Digging with Doubt

It’s not complicated. We’re here to learn to love ourselves, each other, the animals, the plants, and the Earth. I often get confused and think I’m here to be right.

Being right is complicated. There are so many details to figure out. Right according to whom? What evidence shows that I’m right? How can I guarantee that I remain right as circumstances shift? How can I convince others that I’m right?

Loving is an action, something we do in communion with others. Being right is a state that we try to attain or achieve. We can’t offer or share it; we can only claim and grasp it for ourselves. We can step into love at any moment. We can chase being right all of our lives, but we will never catch that illusion.

In his poem “The Place Where We Are Right,” Yehuda Amichai writes,

“From the place where we are right
flowers will never grow
in the Spring.”

Being right isn’t life-giving. If there’s anything that’s clearly, biologically designed into all of us who share this creation, it’s that we are here to give life.

“…doubts and loves
dig up the world
like a mole, a plough.”

This might be the nicest thing anyone has ever said about doubt, who tends to get a bad rap in our certainty-obsessed culture. Amichai isn’t referring to doubt about our sacredness, our indwelling divinity, but rather to that moment when we reconsider something we had always thought to be true, when we see the humanity in someone we had judged harshly.

That is the moment we wake up to our nature as love, which is the flow of life through our world and through the universe. We need to dig up our worlds. We need to turn over the soil of our lives and see that just under the surface they are teeming with love.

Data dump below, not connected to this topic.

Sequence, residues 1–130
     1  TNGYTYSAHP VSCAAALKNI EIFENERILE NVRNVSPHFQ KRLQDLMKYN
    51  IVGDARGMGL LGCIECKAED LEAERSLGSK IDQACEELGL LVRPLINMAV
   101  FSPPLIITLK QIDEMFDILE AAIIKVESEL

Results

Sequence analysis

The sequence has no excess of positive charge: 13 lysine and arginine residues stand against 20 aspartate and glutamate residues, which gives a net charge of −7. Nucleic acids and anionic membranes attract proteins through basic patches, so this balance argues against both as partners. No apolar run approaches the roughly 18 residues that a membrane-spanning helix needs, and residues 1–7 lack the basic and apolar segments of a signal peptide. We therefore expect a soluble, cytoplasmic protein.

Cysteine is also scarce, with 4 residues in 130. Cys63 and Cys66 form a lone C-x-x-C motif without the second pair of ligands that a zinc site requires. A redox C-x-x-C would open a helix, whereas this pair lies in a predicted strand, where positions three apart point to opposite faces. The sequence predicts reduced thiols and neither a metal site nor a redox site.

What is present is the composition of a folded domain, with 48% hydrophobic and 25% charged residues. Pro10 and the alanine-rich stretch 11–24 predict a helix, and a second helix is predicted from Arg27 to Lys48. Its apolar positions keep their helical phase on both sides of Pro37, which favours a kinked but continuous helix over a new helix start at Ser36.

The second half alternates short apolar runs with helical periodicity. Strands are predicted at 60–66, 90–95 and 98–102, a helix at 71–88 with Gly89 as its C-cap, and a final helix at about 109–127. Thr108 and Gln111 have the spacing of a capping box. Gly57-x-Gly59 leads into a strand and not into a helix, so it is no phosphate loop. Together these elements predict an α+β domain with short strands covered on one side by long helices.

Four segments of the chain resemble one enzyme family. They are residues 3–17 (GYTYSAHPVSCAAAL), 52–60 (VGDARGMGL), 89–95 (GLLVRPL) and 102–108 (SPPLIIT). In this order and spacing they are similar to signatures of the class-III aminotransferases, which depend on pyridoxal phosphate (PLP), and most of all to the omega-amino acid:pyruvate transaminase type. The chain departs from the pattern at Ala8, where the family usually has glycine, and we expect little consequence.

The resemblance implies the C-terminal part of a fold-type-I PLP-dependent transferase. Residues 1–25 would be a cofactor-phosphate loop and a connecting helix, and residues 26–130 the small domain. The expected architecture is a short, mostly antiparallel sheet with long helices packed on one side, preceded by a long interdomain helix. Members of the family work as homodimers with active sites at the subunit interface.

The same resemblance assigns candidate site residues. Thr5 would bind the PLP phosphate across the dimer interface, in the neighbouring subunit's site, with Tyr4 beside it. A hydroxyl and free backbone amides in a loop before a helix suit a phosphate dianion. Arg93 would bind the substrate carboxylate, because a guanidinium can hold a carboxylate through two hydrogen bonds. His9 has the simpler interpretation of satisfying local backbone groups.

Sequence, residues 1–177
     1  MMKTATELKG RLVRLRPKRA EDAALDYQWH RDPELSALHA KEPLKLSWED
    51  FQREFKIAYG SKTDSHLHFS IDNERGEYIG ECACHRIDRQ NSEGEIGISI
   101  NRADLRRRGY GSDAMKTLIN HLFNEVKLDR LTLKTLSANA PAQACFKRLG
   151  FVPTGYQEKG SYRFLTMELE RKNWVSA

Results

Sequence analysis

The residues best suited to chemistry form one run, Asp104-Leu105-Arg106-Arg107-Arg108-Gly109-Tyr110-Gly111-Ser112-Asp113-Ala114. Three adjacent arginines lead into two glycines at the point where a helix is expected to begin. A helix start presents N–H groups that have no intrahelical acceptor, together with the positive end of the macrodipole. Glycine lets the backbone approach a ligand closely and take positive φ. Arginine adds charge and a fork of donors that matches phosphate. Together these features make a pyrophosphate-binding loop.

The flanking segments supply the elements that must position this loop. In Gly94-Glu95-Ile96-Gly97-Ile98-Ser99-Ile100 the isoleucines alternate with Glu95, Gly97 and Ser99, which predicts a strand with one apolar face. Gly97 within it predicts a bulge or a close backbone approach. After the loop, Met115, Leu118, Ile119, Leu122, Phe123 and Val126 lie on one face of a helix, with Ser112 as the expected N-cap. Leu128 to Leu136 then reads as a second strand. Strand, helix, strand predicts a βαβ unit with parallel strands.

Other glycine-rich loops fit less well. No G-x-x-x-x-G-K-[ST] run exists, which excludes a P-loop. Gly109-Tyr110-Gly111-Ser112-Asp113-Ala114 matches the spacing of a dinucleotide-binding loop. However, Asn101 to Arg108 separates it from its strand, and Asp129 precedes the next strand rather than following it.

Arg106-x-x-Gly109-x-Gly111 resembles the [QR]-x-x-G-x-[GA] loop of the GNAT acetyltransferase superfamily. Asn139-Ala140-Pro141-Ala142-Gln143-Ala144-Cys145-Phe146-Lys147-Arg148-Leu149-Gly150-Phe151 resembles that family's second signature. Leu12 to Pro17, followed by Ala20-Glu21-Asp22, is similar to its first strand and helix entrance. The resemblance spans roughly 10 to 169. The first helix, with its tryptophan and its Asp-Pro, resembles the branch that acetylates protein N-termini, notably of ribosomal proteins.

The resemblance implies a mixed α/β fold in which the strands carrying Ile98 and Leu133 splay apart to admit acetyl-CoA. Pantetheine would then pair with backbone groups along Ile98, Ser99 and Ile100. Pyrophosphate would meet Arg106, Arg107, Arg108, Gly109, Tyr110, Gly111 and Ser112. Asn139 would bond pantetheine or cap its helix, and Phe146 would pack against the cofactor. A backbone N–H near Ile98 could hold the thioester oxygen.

Note: The blog will be on vacation next week. Wishing you a lively flow of love during that time.

Doubts and Loves

One of the nice things about days like Earth Day is that people use it as an excuse to get together and do kind things for creation or each other. A local farm had a fair, and there I ran into this poem that a friend of my mom’s had included on a piece of art. It took my breath away.

The Place Where We Are Right
by Yehuda Amichai

From the place where we are right
Flowers will never grow
In the spring.

The place where we are right
Is hard and trampled
Like a yard.

But doubts and loves
Dig up the world
Like a mole, a plow.
And a whisper will be heard in the place
Where the ruined
House once stood.

Richard Rohr often talks about necessary suffering, not my favorite phrase or concept. He defines suffering not as something awful happening to us but rather as any time we’re not in control. In one fell swoop, this poem makes clear why that’s so: “The place where we are right/Is hard and trampled/Like a yard.” I can feel the compacted earth under my feet.

It astonishes me to consider that “doubts and loves” combined provide the way forward. How often do we consider those as related to one another? We generally much prefer loves to doubts but here they are, intertwined, working together toward the same purpose.

This combination might say something about what love really is, a question that comes up for me when people say “God is love” or Jim Finley talks of “infinite love infinitely giving itself away as our every breath and heartbeat.” Love, this poem argues, is an openness, an availability, an invitation, a movement. It is dynamic, changing, and it is only love if we allow it to change us, to dig up the earth of our hearts.

Perhaps love and doubt are in a dance where each opens the door for each other. I imagine any couple whose relationship has deepened over the years has had to hold and accept some doubts about each other and in that process has grown in love.

Meister Eckhart says that we all share the same ground of being and that our ground is God’s ground. Let’s get some moles and plows into that ground.